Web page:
Home

Container gardens

Gardening tools

Soil compaction

Propagation through cuttings

Community tree plantings

Magnolia grandiflora

Horticultural tips

Transplanting tips

Aftercare tips

Mulch and restoration factsheet

Root inspection

Shoot and crown inspection

Sequoiadendron giganteum

Pacific madrone

The myth of soil amendments

Compost tea

Links

Sustainable Horticulture

Root Inspection

 

Prior to purchasing plants, it is vital to inspect them for serious problems. If you are buying large quantities of a species, inspect a representative sample. Plants that have life-threatening injuries or problems should not be purchased. The following are some things to look out for when buying a plant.

Root quality is essential--poor roots can damage or even kill plants and need to be corrected or removed prior to installation. Be sure to take this step before making your tree purchase. Things to watch out for include:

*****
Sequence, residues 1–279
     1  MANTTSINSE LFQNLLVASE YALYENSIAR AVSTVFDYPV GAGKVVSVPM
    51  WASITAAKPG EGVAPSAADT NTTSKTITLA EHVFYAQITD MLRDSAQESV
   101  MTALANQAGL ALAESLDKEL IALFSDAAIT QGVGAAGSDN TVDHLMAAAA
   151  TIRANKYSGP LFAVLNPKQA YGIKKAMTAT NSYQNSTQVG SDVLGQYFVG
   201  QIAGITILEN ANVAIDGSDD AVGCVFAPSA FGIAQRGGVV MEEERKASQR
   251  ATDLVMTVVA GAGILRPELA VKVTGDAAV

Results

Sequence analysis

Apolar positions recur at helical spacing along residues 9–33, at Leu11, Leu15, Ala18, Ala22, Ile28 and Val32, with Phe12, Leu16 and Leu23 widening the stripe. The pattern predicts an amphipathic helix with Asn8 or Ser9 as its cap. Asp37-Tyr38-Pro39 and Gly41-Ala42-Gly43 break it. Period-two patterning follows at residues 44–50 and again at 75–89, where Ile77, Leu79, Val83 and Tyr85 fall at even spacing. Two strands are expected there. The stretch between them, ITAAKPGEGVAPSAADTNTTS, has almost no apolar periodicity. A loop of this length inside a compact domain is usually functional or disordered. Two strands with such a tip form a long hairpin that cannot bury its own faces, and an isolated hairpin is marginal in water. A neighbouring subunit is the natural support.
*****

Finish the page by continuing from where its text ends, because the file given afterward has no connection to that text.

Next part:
• Circling roots - these can circle back and girdle the stem, and should be straightened or removed

circling root

Circling roots above the soil surface are indicative of stress

  • Kinked or kneed roots - as the kinked portion of the root hardens, the plant will no longer be able to move water and nutrients through that root

kinked root

This kinked root turns and grows at a 90 degree angle when it enters the soil

  • Uneven root growth – can lead to uneven shoot growth and be indicative of stress that killed roots on one side; these plants can survive, but will need extra care and water
  • Pot bound roots: when left in a container too long, roots often grow all around the edge of the container, circling back on themselves and getting kinked; container bound roots should be loosened and straightened and defective roots pruned out prior to planting
  • Dead, damaged (including rotting or decayed), or diseased roots - should be removed
  • In container grown plants, you should be able to wiggle the trunk without the root system moving. If the roots do move, the plant may have a poor system or may have been recently transplanted to a larger container. Inspect the root system carefully.

This plant was in a four-inch container for too long before being potted up into a larger container. The roots should have been straightened and spread out when it was repotted.

Contact Us © 2006-2008 Sustainable Horticulture

Google